• Blog Post: Will the CAP ever fit?

    Photo credit Andy Hay Politicians are skilled in the art of compromise. And yet we all know the truth about compromise – it satisfies no one. Our European institutions, namely, the Council(of Ministers from across the EU), Commission and Parliament, are now in the middle of trying to reach a...
  • Blog Post: Scottish agriculture: a vision for the future

    I spend a lot of my time talking to farmers, landowners and crofters – and sometimes rather more time in rooms with their officials and representatives than seems healthy! The days when the first question was ‘what are you here for’ is long gone. It has been one of my aims as Scottish...
  • Blog Post: Cirl buntings lead the way

    Farmland birds have not had the smoothest ride in recent decades. Populations of skylarks, yellowhammers, lapwings and grey partridges have all been declining for several years. But the fight back may be starting in a tiny far flung corner of the country where a small brown and yellow bird is clawing...
  • Blog Post: Postcard from the Oxford Farming Conference

    Farmers, it is often noted, are early risers. But as well as getting up at the crack of dawn to plough their fields, it seems they also start the new year early - before everyone else has even finished the leftover Christmas pud in fact. Yesterday I returned from the three day Oxford Farming Conference...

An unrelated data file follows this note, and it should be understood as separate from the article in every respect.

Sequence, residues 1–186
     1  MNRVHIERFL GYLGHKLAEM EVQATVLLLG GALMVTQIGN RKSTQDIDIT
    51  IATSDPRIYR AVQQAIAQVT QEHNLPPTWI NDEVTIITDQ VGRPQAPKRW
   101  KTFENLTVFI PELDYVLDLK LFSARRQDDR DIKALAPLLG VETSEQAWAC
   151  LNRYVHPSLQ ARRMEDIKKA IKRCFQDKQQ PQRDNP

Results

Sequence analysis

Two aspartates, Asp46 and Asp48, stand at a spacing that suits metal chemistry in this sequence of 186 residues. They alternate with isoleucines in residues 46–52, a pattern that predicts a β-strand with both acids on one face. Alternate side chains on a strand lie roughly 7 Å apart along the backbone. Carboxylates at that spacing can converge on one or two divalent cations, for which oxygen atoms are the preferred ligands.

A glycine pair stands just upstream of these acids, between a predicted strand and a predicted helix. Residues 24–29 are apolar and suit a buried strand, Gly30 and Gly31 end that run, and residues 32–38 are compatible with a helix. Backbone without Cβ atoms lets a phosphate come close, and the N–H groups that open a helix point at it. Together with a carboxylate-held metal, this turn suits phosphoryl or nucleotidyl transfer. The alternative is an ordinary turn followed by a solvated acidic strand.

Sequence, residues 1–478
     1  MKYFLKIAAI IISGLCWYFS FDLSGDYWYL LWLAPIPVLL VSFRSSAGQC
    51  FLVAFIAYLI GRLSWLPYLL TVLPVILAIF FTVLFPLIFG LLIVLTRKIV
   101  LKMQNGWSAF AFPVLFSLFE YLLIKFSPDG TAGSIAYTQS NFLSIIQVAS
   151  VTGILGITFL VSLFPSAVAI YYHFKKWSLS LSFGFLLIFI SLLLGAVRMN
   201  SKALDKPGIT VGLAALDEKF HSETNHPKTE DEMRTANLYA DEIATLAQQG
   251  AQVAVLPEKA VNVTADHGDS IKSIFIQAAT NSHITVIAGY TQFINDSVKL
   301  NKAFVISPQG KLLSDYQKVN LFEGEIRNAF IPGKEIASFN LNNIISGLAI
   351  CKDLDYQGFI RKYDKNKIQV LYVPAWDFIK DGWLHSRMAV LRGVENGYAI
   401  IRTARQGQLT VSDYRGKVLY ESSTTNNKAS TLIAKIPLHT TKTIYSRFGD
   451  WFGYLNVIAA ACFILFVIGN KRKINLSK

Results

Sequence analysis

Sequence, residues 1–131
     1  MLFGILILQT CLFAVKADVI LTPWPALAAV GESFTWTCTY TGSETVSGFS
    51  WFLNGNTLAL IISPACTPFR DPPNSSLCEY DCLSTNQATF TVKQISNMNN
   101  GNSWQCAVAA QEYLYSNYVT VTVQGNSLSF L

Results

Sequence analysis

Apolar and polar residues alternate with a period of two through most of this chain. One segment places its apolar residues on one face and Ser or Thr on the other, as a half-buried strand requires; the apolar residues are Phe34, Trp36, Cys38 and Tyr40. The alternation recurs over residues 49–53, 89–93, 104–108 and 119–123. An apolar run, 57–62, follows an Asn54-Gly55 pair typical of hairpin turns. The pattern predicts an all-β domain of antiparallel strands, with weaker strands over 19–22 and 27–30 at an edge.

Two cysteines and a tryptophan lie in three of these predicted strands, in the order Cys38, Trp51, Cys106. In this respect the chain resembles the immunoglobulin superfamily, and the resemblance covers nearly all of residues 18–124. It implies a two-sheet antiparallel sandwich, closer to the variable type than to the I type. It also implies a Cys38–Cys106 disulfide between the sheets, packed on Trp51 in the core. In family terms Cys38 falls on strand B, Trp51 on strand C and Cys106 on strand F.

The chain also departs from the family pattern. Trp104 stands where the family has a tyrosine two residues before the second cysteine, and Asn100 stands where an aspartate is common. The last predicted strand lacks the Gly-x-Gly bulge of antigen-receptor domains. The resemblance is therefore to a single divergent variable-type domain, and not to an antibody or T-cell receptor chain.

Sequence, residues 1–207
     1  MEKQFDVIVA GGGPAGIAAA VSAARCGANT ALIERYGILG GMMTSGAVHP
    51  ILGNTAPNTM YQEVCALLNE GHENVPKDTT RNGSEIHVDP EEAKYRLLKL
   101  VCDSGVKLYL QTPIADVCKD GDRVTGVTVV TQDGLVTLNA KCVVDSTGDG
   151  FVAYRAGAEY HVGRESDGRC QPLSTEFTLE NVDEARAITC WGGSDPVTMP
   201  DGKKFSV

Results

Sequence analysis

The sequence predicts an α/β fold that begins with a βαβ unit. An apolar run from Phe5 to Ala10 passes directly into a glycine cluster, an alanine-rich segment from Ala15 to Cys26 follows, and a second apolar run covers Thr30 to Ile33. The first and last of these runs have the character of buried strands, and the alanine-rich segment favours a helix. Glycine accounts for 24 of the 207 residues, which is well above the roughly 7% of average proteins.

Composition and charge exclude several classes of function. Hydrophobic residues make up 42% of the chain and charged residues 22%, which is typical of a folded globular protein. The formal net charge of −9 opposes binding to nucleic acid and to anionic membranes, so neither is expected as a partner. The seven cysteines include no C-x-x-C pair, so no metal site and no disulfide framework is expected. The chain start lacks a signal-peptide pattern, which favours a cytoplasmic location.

• Blog Post: The true cost of GM food

    The ever controversial issue of GM food has reared its head again in the news this week. The papers have responded to a report from the Food Standards Agency and Defra with stories about the supermarkets ending their GM ban and calls for a proper national debate on the issue . The arguments...
  • Blog Post: Burying our differences for wildlife

    It’s fair to say that we, as conservationists, have sometimes had a tricky relationship with rural landowners. In the past if there has been an argument about wildlife in the British countryside, the RSPB and the CLA (Country Land and Business Association) were often to be found on opposite...
  • Blog Post: Food for Thought

    So what are you having for dinner tonight? Something adventurous from Jamie Oliver’s latest bestselling cookbook? A quick and easy supermarket frozen meal? Or maybe it’s fish and chips night in your house this evening. Whatever you’re eating there’s one thing you can be...
  • Blog Post: Corn buntings show farmers the way

    I’ve spent quite a bit of time in a cold muddy field in Bedfordshire this week. Why? Well I did ask myself that a couple of times as I rubbed my frozen hands. But then a large flock of corn buntings would take off from amongst the stubble and dart nervously towards the cover of trees and...
  • Blog Post: What future does farming hold?

    British farmers should not expect a future free from regulation if they are going to tackle food security and environmental challenges, according to RSPB conservation director Mark Avery. This remark was made in response to a question from a farmer in the audience who was keen to see regulations...